Welcome to the first chapter of Colossians for our Hope of Glory series.
Background and Intro
Written around 60AD Paul’s letter to the Colossians differs from his others in that the church was not one that he planted. Lead by a believer named Epaphras (v.6), Paul wrote the letter in response to his concerns regarding the nature of Christ. The letter seeks to strengthen the Church’s faith. Outside influences were attempting to shake their view of Christ, claiming that certain rituals and diets were needed to follow God.
The opening chapter seeks to remind the Colossians to refocus their vision on Christ. Let us look at verses 15-23 where Paul shows us three characteristics of Christ.
Creator & Sustainer – verses 15-18 –
The underlying tension of this passage is to elevate Jesus as equal with God as comic ruler and creator, while also proclaiming that he is a person knowable and active in the world.
Jesus is not just Creator, but also sustainer. He is not an absent God who created then left the world to its own devices, for “In him all things work together” (v. 17) in the past, present and future. Jonathan Edwards puts it best saying this:
“God is not careless to the affairs and concerns of the world, because he was not careless of this matter in the creation itself (Genesis 1-3); …by the manner and order in which things were created God took care of the future progress and state of things in the world.”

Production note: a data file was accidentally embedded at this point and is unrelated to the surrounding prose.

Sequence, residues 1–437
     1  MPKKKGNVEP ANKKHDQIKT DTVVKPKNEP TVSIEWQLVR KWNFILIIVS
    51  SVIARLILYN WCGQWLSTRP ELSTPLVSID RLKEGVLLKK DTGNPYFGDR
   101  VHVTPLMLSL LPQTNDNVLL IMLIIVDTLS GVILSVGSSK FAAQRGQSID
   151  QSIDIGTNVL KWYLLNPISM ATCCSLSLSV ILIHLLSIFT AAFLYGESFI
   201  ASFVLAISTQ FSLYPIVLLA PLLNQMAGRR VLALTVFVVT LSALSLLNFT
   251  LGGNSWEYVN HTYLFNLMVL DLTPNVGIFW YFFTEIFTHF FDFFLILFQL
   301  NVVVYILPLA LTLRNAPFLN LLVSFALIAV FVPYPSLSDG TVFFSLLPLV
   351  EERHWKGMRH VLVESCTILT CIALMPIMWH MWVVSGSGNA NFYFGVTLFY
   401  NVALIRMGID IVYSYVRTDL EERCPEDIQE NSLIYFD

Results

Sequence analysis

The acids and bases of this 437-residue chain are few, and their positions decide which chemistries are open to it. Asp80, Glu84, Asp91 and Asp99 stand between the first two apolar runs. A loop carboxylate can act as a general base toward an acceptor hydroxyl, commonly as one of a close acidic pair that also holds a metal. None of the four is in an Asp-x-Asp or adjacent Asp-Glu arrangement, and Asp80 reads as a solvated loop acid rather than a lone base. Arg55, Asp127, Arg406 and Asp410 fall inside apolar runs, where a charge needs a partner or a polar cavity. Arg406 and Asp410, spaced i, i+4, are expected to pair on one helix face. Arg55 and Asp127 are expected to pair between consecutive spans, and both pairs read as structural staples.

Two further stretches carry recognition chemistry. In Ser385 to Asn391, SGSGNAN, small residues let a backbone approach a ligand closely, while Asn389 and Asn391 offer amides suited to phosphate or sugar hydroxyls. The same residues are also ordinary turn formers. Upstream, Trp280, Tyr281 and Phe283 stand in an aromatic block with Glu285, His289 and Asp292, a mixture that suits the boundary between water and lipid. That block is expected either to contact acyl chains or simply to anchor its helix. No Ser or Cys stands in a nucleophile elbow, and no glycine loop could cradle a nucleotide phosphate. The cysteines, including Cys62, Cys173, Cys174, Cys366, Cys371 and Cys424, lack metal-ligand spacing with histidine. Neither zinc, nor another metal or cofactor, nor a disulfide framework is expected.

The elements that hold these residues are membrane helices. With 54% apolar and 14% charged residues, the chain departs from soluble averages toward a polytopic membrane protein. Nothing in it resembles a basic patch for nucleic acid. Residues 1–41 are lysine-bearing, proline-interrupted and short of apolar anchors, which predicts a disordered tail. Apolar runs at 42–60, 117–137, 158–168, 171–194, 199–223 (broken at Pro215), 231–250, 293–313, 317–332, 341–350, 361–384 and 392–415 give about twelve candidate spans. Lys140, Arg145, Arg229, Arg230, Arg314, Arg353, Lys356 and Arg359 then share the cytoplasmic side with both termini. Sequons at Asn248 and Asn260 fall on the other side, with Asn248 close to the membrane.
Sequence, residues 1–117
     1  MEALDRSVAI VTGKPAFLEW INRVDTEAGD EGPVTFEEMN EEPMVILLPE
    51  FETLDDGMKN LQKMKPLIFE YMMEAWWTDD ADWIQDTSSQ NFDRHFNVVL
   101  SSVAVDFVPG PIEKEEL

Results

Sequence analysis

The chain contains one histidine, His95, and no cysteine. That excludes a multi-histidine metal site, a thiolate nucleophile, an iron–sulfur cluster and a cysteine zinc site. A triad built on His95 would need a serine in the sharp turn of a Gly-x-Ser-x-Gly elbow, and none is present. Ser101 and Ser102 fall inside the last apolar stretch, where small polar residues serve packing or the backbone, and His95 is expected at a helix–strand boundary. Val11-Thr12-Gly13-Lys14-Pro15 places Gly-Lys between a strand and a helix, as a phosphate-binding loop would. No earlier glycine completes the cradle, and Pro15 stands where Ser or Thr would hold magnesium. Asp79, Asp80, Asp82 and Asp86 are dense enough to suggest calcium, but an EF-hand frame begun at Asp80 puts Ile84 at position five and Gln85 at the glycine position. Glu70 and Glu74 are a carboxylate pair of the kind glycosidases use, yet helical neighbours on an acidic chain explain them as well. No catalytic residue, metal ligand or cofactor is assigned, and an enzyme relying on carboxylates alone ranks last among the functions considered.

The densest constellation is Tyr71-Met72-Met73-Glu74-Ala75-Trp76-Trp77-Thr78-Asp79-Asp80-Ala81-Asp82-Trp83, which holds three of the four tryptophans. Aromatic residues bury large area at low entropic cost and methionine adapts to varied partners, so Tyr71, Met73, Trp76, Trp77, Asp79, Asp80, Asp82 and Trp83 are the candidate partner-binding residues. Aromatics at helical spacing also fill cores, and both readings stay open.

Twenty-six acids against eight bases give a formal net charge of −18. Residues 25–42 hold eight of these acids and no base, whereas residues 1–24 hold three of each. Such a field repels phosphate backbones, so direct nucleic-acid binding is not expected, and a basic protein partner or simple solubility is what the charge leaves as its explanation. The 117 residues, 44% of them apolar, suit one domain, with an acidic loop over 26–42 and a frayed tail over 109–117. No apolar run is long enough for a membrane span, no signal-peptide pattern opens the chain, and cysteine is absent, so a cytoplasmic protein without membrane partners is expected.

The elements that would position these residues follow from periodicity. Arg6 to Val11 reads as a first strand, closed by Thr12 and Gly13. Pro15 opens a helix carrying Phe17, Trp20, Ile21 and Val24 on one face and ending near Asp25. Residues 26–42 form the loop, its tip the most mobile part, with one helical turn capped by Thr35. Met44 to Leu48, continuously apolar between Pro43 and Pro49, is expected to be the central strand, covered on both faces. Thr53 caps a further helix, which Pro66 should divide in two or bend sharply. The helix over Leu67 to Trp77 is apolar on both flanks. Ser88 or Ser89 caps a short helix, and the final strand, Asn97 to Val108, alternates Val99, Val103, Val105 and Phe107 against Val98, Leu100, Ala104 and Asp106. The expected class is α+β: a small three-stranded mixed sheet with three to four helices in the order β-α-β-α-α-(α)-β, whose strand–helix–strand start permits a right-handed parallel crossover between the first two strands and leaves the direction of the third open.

Remember, the same Jesus that created and sustains the universe has created and is sustaining you.
Reconciler – verses 19 – 23
If displaying Jesus as the creator and sustainer of Christianity is the rising crescendo of Paul’s poem displaying glory and greatness of God; the closing stanza, verses 19-20 are the last notes you savour as the song comes to the end.
“By the blood of his Cross,” we can make peace with, or be reconciled with God, the world’s creator and sustainer. He is not a pagan god of old demanding satisfactory sacrifices or the new god of social media we offer ourselves to for the praises of faceless masses. That worship only offers anxiety as reward.
This is “the hope of the gospel you heard, which has been proclaimed in all of creation…” (v. 23), that Jesus is not looking for spiritual achievement, he connected himself to us. Paul is asking the Colossians, and in turn us, to worship and follow Jesus the cosmic creator that can be known.
Paul completes the chapter (vv. 24-28) speaking of the hardships in his ministry, understanding God’s as having these three traits and more he encourages the Colossians to remember “Christ in you, the hope of glory” (v. 27).
Understanding God as creator, sustainer and reconciler consider these questions and thoughts as you read and reread this chapter.
- Take 2 minutes, to thank God, pray and write down everything you are thankful that he has providing for you. From the kitchen sink to your very breath.
- Where in your life are you trying to prove yourself to others and/or God? Remind yourself of the truth in Scripture read, reflect and pray through; Colossians 2:13-14, 2 Corinthians 12:9-10.